80/TCP, 443/TCP (SSL)

Integrated Windows authentication (Negotiate)

Basic, Digest, NTLM, Negotiate (Kerberos)

Yes, using SSL

Yes

Unified Messaging server to Client Access server

5075, 5076, 5077 (TCP)

Integrated Windows authentication (Negotiate)

Basic, Digest, NTLM, Negotiate (Kerberos)

Yes, using SSL

Yes

Unified Messaging server to Client Access server (Play on Phone)

Dynamic RPC

NTLM/Kerberos

NTLM/Kerberos

Yes, using RPC encryption

Yes

Unified Messaging server to Hub Transport server

25/TCP (TLS)

Kerberos

Kerberos

Yes, using TLS

Yes

Unified Messaging server to Mailbox server

135/TCP (RPC)

NTLM/Kerberos

NTLM/Kerberos

Yes, using RPC encryption

Yes

  • When you create a UM IP gateway object in Active Directory, you must define the IP address of the physical IP gateway or IP PBX (Private Branch eXchange). When you define the IP address on the UM IP gateway object, the IP address is added to a list of valid IP gateways or IP PBXs (also called SIP peers) that the UM server is allowed to communicate with. When you create the UM IP gateway, you can associate it with a UM dial plan. Associating the UM IP gateway with a dial plan allows the Unified Messaging servers that are associated with the dial plan to use IP-based authentication to communicate with the IP gateway. If the UM IP gateway has not been created, or if it is not configured to use the correct IP address, authentication fails and the UM servers don't accept connections from that IP gateway's IP address. Also, when you implement mutual TLS and IP gateway or IP PBX and UM servers, the UM IP gateway must be configured to use the FQDN. After you configure the UM IP gateway with an FQDN, you must also add a host record to the DNS forward lookup zone for the UM IP gateway.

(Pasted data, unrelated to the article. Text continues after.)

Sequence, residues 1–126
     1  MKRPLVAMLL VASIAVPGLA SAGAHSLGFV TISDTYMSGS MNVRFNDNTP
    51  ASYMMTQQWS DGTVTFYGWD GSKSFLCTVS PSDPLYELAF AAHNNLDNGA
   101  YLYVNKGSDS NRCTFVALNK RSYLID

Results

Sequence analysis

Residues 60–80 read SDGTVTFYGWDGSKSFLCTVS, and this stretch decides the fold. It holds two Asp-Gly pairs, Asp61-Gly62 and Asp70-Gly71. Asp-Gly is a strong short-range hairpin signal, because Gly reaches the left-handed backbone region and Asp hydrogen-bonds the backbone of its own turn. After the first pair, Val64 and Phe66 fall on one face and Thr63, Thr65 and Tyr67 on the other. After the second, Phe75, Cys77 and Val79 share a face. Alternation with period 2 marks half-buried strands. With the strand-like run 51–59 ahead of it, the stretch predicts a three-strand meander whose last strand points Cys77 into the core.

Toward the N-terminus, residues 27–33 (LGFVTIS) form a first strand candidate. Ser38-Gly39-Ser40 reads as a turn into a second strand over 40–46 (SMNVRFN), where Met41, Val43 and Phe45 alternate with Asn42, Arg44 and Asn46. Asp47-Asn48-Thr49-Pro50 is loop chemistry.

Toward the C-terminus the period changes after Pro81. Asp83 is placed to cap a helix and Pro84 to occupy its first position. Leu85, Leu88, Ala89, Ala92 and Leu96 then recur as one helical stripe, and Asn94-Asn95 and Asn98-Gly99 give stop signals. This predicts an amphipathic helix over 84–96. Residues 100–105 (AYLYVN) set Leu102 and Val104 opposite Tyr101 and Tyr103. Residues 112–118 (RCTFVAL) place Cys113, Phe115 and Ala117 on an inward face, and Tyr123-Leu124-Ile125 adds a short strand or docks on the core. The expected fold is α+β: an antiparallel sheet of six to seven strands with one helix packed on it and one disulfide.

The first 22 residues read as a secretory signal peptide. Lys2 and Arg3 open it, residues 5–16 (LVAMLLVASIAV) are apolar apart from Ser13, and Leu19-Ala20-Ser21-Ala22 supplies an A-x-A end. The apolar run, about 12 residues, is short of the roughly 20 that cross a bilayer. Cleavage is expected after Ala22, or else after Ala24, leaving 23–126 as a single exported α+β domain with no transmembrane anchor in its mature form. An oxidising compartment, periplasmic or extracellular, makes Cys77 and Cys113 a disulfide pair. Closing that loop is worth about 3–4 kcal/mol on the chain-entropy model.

• In Exchange 2010, a UM server can either communicate on port 5060/TCP (unsecured) or on port 5061/TCP (secured), and can be configured to use both.

For more information, see Understanding Unified Messaging VoIP Security and Understanding Protocols, Ports, and Services in Unified Messaging.

Windows Firewall with Advanced Security is a stateful, host-based firewall that filters inbound and outbound traffic based on firewall rules. Exchange 2010 Setup creates Windows Firewall rules to open the ports required for server and client communication on each server role. Therefore, you no longer have to use the Security Configuration Wizard (SCW) to configure these settings. To learn more about Windows Firewall with Advanced Security, see Windows Firewall with Advanced Security and IPsec.

This table lists the Windows Firewall rules created by Exchange Setup, including the ports opened on each server role. You can view these rules using the Windows Firewall with Advanced Security MMC snap-in.

 

Rule name Server roles Port Program

MSExchangeADTopology - RPC (TCP-In)

Client Access, Hub Transport, Mailbox, Unified Messaging

Dynamic RPC

Bin\MSExchangeADTopologyService.exe

MSExchangeMonitoring - RPC (TCP-In)

Client Access, Hub Transport, Edge Transport, Unified Messaging

Dynamic RPC

Bin\Microsoft.Exchange.Management.Monitoring.exe

MSExchangeServiceHost - RPC (TCP-In)

All roles

Dynamic RPC

Bin\Microsoft.Exchange.ServiceHost.exe

MSExchangeServiceHost - RPCEPMap (TCP-In)

All roles

RPC-EPMap

Bin\Microsoft.Exchange.Service.Host

MSExchangeRPCEPMap (GFW) (TCP-In)

All roles

RPC-EPMap

Any

MSExchangeRPC (GFW) (TCP-In)

Client Access, Hub Transport, Mailbox, Unified Messaging

Dynamic RPC

Any

MSExchange - IMAP4 (GFW) (TCP-In)

Client Access

143, 993 (TCP)

All

MSExchangeIMAP4 (TCP-In)

Client Access

143, 993 (TCP)

ClientAccess\PopImap\Microsoft.Exchange.Imap4Service.exe

MSExchange - POP3 (FGW) (TCP-In)

Client Access

110, 995 (TCP)

All

MSExchange - POP3 (TCP-In)

Client Access

110, 995 (TCP)

ClientAccess\PopImap\Microsoft.Exchange.Pop3Service.exe

MSExchange - OWA (GFW) (TCP-In)

Client Access

5075, 5076, 5077 (TCP)

All

MSExchangeOWAAppPool (TCP-In)

Client Access

5075, 5076, 5077 (TCP)

Inetsrv\w3wp.exe

MSExchangeAB-RPC (TCP-In)

Client Access

Dynamic RPC

Bin\Microsoft.Exchange.AddressBook.Service.exe

MSExchangeAB-RPCEPMap (TCP-In)

Client Access

RPC-EPMap

Bin\Microsoft.Exchange.AddressBook.Service.exe

MSExchangeAB-RpcHttp (TCP-In)

Client Access

6002, 6004 (TCP)

Bin\Microsoft.Exchange.AddressBook.Service.exe

RpcHttpLBS (TCP-In)

Client Access

Dynamic RPC

System32\Svchost.exe

MSExchangeRPC - RPC (TCP-In)

Client Access, Mailbox

Dynamic RPC

Bin\Microsoft.Exchange.RpcClientAccess.Service.exe

MSExchangeRPC - PRCEPMap (TCP-In)

Client Access, Mailbox

RPC-EPMap

Bin\Microsoft.Exchange.RpcClientAccess.Service.exe

MSExchangeRPC (TCP-In)

Client Access, Mailbox

6001 (TCP)

Bin\Microsoft.Exchange.RpcClientAccess.Service.exe

MSExchangeMailboxReplication (GFW) (TCP-In)

Client Access

808 (TCP)

Any

MSExchangeMailboxReplication (TCP-In)

Client Access

808 (TCP)

Bin\MSExchangeMailboxReplication.exe

MSExchangeIS - RPC (TCP-In)

Mailbox

Dynamic RPC